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Is it possible to have a wireless SWD interface with a simple Data and clock line like the cheap STM32 ST-Link clones.

My initial, and flawed, idea was that I would have an ST-link plugged into the USB port of my computer and on the Data and clock lines that would normally go to the target MCU i would build something that just monitors the state of the data and clock pin and send its over wireless to a receiver which in turn is plugged into the MCU and changed the data and clock lines accordingly.

This idea may have many flaws but the main one I see is that if I am just relaying to the target the pin changes I have no idea if the Host is asking the target something and the target has to take over and relay information, at which point I need to check the state of target pins and relay that back to the host. So in other words i need to have in depth knowledge of the protocol and not simply relay pin changes back and forth??

Unless there is a simple way of figuring out which way the data should be going, like an extended clock signal or something... I do not know the protocol well enough.

This idea stemmed from wireless transmitting serial data which is easy, but anything else gets a bit more complex. Also stems from a product that I just saw that does the same but uses a Wifi connection to debug and program.

So the question boil down to is it possible the way I am describing of just checking pin states and transmitting that and having it mimicked on the other end or not?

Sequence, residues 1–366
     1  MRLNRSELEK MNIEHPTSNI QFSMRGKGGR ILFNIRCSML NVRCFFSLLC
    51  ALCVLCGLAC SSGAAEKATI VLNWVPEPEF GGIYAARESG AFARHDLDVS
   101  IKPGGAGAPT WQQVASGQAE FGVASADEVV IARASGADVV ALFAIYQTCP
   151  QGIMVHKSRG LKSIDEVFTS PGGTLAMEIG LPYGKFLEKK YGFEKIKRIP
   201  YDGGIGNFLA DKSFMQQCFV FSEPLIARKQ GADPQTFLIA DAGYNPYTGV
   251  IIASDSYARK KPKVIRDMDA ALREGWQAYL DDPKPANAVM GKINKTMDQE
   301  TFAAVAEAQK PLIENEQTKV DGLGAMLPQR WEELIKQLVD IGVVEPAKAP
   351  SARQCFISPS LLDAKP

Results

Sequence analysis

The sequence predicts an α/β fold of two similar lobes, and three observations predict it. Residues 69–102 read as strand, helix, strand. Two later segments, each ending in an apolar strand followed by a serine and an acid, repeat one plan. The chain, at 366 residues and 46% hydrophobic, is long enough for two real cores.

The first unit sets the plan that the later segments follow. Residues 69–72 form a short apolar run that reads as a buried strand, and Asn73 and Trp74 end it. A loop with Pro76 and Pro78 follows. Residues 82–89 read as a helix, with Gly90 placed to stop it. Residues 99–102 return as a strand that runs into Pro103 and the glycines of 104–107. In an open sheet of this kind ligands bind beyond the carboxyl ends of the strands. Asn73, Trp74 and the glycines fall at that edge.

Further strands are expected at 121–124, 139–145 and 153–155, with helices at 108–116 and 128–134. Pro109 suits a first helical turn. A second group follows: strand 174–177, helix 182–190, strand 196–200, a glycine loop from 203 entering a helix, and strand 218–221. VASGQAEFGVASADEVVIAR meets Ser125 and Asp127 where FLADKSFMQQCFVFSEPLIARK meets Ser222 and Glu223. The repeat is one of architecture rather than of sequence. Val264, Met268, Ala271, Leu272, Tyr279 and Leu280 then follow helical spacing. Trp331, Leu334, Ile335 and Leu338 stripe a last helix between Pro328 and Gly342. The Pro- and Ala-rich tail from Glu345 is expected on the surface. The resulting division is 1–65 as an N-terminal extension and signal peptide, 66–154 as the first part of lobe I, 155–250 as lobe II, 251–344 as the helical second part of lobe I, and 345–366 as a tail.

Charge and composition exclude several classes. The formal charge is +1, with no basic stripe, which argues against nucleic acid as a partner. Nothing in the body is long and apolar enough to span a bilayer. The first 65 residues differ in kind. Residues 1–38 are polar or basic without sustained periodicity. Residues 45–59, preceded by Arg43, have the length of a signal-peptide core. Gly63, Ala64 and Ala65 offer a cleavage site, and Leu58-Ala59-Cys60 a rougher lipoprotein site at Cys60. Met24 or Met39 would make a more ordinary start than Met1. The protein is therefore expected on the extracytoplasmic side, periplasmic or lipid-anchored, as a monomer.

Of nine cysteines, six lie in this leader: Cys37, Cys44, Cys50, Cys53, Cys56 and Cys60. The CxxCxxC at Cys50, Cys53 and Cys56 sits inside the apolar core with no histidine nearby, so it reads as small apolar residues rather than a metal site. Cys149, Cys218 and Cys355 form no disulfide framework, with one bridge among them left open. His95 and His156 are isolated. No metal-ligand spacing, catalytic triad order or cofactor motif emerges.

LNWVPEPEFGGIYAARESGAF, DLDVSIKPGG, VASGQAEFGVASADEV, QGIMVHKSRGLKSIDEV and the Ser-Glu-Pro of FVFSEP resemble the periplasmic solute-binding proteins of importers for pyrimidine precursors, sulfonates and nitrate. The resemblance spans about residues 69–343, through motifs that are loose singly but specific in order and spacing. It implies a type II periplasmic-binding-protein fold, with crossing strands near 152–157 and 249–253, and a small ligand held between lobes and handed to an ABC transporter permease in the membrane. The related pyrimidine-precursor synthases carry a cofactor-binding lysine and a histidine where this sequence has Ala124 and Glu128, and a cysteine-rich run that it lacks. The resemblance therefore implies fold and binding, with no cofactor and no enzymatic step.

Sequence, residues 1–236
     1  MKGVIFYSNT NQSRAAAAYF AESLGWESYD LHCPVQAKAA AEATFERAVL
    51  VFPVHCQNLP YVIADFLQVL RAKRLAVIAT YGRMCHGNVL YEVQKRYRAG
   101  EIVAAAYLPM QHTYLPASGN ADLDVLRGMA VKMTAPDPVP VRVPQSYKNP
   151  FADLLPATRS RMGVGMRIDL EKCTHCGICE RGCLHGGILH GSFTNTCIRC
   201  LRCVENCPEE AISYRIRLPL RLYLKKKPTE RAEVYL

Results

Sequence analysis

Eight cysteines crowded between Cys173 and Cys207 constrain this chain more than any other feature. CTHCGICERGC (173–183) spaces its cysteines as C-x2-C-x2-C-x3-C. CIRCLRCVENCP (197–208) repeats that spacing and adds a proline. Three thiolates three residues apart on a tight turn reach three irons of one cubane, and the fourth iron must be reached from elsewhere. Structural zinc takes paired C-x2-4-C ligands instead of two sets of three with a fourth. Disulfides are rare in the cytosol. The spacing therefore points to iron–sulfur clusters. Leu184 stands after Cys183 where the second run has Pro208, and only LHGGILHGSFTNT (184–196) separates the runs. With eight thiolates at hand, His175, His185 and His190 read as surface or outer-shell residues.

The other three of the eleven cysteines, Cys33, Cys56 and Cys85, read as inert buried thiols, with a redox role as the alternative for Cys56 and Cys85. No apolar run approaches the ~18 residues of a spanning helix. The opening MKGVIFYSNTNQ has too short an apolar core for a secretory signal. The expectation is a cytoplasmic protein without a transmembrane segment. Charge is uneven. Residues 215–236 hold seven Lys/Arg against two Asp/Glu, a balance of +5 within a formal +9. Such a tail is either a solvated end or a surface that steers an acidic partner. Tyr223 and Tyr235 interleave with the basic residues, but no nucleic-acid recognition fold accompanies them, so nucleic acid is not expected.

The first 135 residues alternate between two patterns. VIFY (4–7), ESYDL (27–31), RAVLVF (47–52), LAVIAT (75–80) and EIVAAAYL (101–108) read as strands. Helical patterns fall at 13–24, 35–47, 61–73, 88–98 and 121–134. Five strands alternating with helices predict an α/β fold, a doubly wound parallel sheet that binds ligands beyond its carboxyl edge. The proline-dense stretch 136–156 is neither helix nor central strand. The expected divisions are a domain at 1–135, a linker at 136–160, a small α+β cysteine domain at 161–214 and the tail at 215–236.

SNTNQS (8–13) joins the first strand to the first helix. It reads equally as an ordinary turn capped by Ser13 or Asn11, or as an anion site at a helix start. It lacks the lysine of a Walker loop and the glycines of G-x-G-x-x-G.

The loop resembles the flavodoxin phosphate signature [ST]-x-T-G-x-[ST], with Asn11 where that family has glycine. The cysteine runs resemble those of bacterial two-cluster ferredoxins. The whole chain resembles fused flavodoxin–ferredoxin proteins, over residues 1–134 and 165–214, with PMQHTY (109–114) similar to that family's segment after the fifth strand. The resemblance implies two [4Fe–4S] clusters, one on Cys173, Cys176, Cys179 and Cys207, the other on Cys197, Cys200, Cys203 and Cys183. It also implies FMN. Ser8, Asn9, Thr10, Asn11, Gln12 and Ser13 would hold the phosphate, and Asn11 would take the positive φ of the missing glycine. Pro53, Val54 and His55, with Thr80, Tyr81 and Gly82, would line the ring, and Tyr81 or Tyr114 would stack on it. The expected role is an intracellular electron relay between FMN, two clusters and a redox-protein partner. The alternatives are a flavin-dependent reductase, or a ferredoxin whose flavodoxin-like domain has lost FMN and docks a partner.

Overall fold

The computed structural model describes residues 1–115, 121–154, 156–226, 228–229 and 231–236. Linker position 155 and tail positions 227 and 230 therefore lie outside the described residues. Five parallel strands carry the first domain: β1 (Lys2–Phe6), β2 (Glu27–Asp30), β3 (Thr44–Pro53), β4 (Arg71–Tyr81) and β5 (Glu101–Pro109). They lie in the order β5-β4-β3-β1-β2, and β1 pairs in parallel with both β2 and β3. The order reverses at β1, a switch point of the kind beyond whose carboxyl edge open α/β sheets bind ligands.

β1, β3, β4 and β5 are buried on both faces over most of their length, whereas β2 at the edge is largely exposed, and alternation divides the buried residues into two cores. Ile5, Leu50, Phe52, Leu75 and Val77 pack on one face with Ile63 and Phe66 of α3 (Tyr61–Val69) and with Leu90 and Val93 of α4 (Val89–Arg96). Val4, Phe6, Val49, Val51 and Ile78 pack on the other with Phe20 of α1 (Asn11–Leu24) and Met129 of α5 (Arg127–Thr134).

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There won't be an easy solution to your problem except for the obvious things like using a wireless USB hub (even these don't work too well for some things, I tried running a sensor suite for real time data collection and wireless usb has some failings and connection problems).

The SWD would be difficult to transmit over wireless, since it's a two wire bus and bi-directional, this means that a wireless "bridge" would have to have some micro controllers that could talk to each other at a much higher rate than the SWD bus. Wireless modules are available for SPI, but not for I2C.

The easiest thing to do would be to run a raspberri pi or some other computer with GDB or this module that uses a GDB server with wifi.

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  • \$\begingroup\$ wow that little board is NICE!!!! too bad its retired!! \$\endgroup\$ – Edwin Fairchild May 15 at 23:36

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